Wind Farm Syndrome Is the Fake Illness That Science Can't Kill
The Australian Medical Research Council is launching its third inquiry into whether wind farms cause illnesses. But is this just a excuse to slander renewable energy?
Image via Flickr user Tim Phillips
Wind Farm Syndrome (WFS) describes a range of ailments experienced by people living near wind farms. Sufferers have reported nausea, headaches, sleeplessness, and high blood pressure, all allegedly caused by the omnipresent low-frequency drone of rotating windmills.
The problem is that WFS probably doesn't exist. Two successive investigations by Australia's National Health and Medical Research Council (NHMRC) have failed to correlate wind farms with illness, which likely means the syndrome is a placebic effect of living near a wind farm and resenting the noise. This is the opinion held by most of the scientific community, which is why the NHMRC landed in hot water last week for launching another $500,000 health inquiry. And the most controversial part of the announcement? The allegation that WFS is being used to smear wind farms by fossil fuel interest groups, and that it has nothing to do with public health at all.
"The NHMRC is a public body," says Simon Chapman, a professor of public health at Sydney University. "If I was concerned about chemtrails, water fluoridation, and anti-vaccination conspiracies, there's no way they'd fund the research. Wind farm syndrome should be no different."
If you're thinking WFS deserves more attention than chemtrails, consider this: Infrasound, meaning any frequency lower than 20 hertz, is the alleged culprit behind the syndrome. Many things produce infrasound, including ceiling fans, traffic, storms, hi-fi equipment, and your own heart. Wind itself creates infrasound, with or without windmills. As Professor Chapman and 24 reviews on winds farms have concluded since 2003, WFS is seemingly all in people's heads.
"When I speak to my European colleagues about wind farms, they look at me like, What are you talking about? Apparently it's a disease that only speaks English." –Professor Simon Chapman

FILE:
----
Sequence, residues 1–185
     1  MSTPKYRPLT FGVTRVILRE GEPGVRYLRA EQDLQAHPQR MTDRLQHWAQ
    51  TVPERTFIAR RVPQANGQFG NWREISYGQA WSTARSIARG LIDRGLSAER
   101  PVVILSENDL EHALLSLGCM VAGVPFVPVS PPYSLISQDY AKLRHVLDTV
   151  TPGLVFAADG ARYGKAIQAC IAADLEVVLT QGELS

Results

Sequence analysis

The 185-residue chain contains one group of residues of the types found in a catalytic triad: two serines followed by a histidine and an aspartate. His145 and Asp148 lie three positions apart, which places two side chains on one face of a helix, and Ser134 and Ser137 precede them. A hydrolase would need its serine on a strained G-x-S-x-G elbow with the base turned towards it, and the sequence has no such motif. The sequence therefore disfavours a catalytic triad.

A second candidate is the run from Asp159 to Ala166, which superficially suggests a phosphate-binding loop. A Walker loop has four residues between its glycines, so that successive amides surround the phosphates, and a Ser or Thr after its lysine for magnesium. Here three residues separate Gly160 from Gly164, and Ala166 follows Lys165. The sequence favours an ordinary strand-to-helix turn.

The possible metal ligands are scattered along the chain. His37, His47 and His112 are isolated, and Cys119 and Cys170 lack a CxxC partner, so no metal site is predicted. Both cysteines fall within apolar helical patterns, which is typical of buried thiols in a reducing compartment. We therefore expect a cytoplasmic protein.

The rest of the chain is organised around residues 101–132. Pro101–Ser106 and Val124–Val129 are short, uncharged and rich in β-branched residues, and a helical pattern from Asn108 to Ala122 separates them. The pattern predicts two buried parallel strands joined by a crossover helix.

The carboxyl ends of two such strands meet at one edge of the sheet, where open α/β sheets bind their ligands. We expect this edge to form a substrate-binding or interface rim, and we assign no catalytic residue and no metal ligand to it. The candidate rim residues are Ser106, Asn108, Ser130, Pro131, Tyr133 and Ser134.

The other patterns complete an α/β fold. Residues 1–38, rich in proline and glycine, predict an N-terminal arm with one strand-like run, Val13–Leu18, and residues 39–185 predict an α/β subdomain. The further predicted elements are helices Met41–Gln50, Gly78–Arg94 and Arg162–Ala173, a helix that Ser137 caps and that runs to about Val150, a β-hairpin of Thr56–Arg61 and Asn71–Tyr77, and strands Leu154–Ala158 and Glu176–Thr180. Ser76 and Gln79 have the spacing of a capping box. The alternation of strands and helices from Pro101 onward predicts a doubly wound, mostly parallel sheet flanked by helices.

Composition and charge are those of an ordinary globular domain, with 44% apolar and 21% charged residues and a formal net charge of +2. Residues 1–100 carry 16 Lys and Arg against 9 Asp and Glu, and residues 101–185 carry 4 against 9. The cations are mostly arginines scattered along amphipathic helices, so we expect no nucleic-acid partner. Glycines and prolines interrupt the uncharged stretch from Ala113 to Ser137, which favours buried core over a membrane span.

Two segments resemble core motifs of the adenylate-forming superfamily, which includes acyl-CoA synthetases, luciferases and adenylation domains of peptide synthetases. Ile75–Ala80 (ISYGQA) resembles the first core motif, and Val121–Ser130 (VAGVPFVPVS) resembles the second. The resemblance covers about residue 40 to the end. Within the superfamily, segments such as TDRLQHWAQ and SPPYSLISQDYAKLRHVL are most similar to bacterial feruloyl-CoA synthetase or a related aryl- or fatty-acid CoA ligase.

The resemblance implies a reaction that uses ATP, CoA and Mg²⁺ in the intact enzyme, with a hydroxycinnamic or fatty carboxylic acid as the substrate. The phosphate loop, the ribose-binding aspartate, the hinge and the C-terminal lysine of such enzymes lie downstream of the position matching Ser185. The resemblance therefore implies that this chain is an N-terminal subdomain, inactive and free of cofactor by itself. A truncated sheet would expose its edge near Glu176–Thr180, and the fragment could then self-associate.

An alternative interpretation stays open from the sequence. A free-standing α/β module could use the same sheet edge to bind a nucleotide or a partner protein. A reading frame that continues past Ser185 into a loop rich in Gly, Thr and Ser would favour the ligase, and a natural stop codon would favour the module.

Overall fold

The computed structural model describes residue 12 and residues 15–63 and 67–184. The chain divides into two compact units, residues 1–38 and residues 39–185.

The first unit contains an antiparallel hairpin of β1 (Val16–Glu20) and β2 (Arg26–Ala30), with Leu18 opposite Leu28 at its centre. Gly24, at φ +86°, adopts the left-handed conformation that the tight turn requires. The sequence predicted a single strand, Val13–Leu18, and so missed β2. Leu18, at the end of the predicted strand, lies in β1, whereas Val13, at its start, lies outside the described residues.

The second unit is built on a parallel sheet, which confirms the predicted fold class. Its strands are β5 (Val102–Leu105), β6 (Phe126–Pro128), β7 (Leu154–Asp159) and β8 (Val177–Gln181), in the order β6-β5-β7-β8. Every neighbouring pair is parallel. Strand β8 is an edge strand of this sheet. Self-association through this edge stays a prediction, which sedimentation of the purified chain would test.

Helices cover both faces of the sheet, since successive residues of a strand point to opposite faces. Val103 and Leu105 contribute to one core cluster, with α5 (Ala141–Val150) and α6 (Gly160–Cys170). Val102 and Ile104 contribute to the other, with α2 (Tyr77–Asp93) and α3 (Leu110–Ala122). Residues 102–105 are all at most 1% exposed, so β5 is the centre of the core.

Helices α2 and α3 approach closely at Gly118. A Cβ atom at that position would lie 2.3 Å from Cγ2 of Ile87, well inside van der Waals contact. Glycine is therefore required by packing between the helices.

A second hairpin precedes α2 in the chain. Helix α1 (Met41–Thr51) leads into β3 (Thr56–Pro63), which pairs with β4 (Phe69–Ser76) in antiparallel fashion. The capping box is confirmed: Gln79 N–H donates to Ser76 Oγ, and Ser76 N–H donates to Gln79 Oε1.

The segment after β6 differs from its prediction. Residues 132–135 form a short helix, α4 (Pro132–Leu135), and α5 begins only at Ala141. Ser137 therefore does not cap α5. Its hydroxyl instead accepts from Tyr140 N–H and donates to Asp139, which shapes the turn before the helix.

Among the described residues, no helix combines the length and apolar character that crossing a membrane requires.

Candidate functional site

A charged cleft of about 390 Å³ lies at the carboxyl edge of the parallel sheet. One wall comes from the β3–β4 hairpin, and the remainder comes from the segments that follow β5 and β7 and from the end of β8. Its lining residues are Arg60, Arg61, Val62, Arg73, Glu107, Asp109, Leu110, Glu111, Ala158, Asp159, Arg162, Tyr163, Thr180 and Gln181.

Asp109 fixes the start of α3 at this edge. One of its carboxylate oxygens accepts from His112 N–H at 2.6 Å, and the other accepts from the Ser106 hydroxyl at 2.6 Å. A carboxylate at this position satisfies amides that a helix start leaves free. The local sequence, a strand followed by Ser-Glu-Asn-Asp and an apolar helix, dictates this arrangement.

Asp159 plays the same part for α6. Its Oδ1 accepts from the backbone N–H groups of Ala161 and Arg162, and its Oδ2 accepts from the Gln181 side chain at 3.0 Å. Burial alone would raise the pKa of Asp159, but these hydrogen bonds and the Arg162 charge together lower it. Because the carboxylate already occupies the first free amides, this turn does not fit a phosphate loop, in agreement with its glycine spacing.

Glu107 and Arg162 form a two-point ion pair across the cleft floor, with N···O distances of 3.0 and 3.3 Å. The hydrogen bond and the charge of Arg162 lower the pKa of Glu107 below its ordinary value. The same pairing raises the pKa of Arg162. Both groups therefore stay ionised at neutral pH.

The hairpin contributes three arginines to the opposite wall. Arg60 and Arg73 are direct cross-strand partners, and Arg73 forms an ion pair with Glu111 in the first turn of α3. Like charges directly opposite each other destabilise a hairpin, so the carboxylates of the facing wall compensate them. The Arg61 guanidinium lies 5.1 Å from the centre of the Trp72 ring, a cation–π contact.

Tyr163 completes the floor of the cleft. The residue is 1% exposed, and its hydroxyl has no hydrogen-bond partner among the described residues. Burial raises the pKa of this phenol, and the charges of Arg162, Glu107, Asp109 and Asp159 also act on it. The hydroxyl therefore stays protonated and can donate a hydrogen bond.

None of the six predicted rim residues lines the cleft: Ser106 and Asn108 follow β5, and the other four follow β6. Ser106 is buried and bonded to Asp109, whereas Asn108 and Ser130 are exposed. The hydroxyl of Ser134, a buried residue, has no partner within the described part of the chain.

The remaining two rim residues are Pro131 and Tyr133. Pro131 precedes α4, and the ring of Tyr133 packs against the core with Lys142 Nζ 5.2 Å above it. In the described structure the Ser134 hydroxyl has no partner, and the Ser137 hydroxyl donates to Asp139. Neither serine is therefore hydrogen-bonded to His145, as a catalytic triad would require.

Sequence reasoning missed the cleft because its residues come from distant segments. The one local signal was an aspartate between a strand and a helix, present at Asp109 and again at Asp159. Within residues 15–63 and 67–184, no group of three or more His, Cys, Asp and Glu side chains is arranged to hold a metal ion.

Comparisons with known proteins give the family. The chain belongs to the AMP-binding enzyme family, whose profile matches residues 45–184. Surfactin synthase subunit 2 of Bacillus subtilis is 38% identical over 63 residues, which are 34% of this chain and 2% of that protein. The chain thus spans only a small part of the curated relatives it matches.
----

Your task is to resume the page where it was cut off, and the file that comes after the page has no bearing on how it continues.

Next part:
In his own study, Chapman audited all known health and noise complaints made about Australia's 51 wind farms between 1993 to 2012. What he discovered is that more than two-thirds of wind farms have never received a single complaint. And of the people who have complained, 73 percent were from areas targeted by anti–wind farm groups. "When I speak to my European colleagues about wind farms," he says, "they look at me like, What are you talking about? Apparently it's a disease that only speaks English."
I took this concern to professor Bruce Armstrong, who is chairing the NHMRC inquiry. He freely admits that the science has some problems, but insists that the government has a responsibility to investigate reoccurring health complaints. "And as a person interested in public health, I think it's wise to pursue all options until we have conclusive answers," he says. "There's certainly no political influence on us and I would have noticed if any other members felt otherwise."
Despite Armstrong's denial of political influence, there was a political event in Australia before the NHMRC's announcement. In November, a national inquiry into wind farms was initiated by cross-benchers David Leyonhjelm, John Madigan, Nick Xenophon, and their Federal Government torchbearer Chris Back. Of these four, Xenophon is the only one who isn't an outright climate-change skeptic, although he did vote for the repeal of the Carbon Tax.
In other words, the inquiry was called for by a bunch of ideologues endorse by anti-wind groups like the Waubra Foundation, which is chaired by Victorian mining investor Peter Mitchell. As Chapman says, "this is an inquiry that's been made in the context of a politically charged atmosphere, by a minority of cross-bench senators who just can't accept the umpire's decision."
Senator David Leyonhjelm doesn't agree. "That's 'the science is settled' argument," he says, "but the science is not settled and the idea of dismissing these people suffering chronic fatigue syndrome, amongst all sorts of problems, is unconscionable." Leyonhjelm was unwilling to enter into a debate on climate politics, simply saying that his issue is with the government subsidizing the wind industry. "If the climate is changing, the market will respond. I simply don't support corporate welfare."
However, government subsidies or even support for the renewable power source have been scarce. In 2011, the Victorian and New South Wales state governments imposed a two-kilometer buffer between new wind turbines and homes. Industry insiders say has made new wind farms almost untenable. The federal Coalition has also scrapped several wind incentive programs since 2013 as part of their wider push away from renewables.
Regardless of the environmental politics at the top, Chapman believes it all comes down to allocation of health resources. As he says, " We're now allocating money to something that isn't a health issue, away from all sorts of things that are."
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